Online media need protection from liability for user comments

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Posted on: 
10 Jun 2014

The Media Legal Defence Initiative has filed a brief with the European Court of Human Rights asking it to respect the principle that online media should not have to monitor the thousands of comments left on their sites by readers every day.

In an intervention in the much-debated case of Delfi v. Estonia, which was joined by 23 media organisations from around the world, MLDI asked the European Court to consider legal regimes under EU and US law, which exempt media from having to monitor their sites for offensive comments, and to take into account the sophisticated self-regulatory practices developed by the media to moderate such comments.

The case was referred to the Grand Chamber of the Court after an earlier ruling by the Court’s First Section in October 2013, which had held that Estonian news website Delfi was liable for defamatory comments from its users despite the fact that it had taken down the comments as soon as they had been notified of them. Delfi asked for this judgment to be referred to the Grand Chamber for a rehearing and MLDI had supported this request in a letter which had been joined by nearly 70 news outlets.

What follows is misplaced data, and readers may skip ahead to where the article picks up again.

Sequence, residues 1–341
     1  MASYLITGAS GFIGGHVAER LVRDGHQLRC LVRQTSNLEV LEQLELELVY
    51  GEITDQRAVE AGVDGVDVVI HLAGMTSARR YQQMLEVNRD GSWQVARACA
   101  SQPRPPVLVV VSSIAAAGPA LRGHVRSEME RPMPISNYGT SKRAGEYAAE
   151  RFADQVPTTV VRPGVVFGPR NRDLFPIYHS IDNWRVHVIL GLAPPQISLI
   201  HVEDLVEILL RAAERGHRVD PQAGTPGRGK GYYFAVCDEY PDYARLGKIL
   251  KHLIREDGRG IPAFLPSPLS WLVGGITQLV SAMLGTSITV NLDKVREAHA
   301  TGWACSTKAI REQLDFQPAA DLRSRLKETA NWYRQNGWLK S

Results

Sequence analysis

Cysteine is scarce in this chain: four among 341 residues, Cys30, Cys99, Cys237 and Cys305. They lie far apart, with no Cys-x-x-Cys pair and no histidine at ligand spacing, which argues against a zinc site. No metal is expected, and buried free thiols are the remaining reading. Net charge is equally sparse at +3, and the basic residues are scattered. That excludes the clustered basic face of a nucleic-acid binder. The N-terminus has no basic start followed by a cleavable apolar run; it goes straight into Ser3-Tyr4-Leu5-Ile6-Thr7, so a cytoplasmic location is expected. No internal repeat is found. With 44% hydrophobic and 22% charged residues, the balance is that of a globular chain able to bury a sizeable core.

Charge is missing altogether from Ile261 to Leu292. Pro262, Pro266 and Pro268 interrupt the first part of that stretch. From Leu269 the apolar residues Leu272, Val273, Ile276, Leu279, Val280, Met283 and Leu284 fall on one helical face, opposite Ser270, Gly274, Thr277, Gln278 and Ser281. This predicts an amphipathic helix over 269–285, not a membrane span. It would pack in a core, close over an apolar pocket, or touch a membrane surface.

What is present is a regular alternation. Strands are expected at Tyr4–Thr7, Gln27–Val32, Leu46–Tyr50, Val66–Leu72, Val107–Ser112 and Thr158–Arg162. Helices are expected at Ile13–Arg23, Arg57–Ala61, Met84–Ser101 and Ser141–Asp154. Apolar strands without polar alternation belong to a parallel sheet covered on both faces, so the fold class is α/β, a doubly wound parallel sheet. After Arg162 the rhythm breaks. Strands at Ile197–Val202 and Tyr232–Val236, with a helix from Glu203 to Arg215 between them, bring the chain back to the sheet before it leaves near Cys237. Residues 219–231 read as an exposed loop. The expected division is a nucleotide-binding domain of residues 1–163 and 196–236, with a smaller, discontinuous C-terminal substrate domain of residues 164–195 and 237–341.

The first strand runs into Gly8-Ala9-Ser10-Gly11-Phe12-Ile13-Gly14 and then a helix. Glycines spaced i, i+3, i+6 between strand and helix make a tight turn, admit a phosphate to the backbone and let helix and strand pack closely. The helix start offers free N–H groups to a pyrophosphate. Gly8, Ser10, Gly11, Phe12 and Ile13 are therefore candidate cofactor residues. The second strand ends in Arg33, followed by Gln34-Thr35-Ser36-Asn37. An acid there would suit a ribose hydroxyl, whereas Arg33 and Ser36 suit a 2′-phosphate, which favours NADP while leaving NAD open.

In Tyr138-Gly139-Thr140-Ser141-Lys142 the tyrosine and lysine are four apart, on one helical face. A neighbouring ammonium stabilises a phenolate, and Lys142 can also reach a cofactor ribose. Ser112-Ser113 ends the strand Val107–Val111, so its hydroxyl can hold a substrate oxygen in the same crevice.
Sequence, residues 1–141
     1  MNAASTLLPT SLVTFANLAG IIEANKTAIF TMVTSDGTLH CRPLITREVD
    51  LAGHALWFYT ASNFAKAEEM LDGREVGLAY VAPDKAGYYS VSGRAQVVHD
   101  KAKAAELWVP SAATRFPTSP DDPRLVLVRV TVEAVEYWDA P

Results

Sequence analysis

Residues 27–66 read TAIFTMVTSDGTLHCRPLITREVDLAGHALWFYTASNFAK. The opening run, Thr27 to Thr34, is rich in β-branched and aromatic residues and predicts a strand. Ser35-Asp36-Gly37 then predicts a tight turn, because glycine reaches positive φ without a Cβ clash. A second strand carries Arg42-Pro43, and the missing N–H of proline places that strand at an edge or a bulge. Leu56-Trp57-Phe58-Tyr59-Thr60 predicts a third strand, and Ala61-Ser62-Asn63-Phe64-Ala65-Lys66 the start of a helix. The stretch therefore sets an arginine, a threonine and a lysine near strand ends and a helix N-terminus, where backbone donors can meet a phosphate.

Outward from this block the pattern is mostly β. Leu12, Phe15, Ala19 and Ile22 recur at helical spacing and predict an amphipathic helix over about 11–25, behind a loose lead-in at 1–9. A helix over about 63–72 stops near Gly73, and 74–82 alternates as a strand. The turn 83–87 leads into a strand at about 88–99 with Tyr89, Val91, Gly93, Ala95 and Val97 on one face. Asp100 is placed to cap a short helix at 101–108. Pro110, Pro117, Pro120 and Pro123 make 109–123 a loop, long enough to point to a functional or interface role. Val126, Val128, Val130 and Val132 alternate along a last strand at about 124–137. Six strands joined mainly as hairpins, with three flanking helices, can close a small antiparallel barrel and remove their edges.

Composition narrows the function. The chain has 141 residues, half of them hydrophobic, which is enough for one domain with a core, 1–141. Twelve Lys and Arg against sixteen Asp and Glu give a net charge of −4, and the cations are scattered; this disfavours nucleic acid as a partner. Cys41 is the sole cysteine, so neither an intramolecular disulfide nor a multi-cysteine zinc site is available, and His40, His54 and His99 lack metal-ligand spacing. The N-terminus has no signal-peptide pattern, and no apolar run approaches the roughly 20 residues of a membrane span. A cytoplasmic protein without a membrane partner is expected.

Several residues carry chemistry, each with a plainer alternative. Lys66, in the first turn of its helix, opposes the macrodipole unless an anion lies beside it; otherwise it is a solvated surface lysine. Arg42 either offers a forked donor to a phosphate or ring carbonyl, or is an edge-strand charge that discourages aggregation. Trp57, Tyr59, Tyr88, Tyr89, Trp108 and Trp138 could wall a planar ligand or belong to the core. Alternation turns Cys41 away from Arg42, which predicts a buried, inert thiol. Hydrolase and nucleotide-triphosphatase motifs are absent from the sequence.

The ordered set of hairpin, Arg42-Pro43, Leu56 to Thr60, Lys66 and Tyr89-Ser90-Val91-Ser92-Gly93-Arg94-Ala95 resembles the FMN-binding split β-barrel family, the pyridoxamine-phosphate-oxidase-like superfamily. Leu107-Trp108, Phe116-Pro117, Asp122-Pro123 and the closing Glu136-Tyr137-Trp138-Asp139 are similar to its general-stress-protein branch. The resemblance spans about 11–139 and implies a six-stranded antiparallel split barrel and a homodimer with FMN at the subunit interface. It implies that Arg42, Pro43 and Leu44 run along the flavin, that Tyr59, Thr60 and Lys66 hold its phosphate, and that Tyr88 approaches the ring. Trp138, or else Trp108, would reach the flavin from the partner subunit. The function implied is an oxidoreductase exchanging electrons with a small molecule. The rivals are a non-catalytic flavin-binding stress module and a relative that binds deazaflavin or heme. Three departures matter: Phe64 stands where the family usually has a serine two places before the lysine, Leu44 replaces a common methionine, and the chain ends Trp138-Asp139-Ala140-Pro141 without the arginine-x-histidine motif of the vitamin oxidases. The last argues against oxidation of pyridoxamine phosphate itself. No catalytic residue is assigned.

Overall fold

The brief that has now been submitted to the Grand Chamber by MLDI and its coalition partners underlines the important function of comment sections on websites: they generate debate on issues of public interest and have turned the media from a space where the news is merely reported to an online community where the news is reported and discussed. The flow of traffic in online media is no longer one-way: users can have their say and engage both journalists and other users in conversation on important topics of the day. This has made an important contribution to the realisation of the right to freedom of expression for all.

MLDI’s brief draws on comparative law and sets out best practices developed by online media over the past fifteen years in order to demonstrate that protection from liability for intermediaries is crucial to protect free speech online.

MLDI is grateful to the Media Law Resource Center, a co-signatory, and Professor Lorna Woods from the University of Essex School of Law for their drafting contributions

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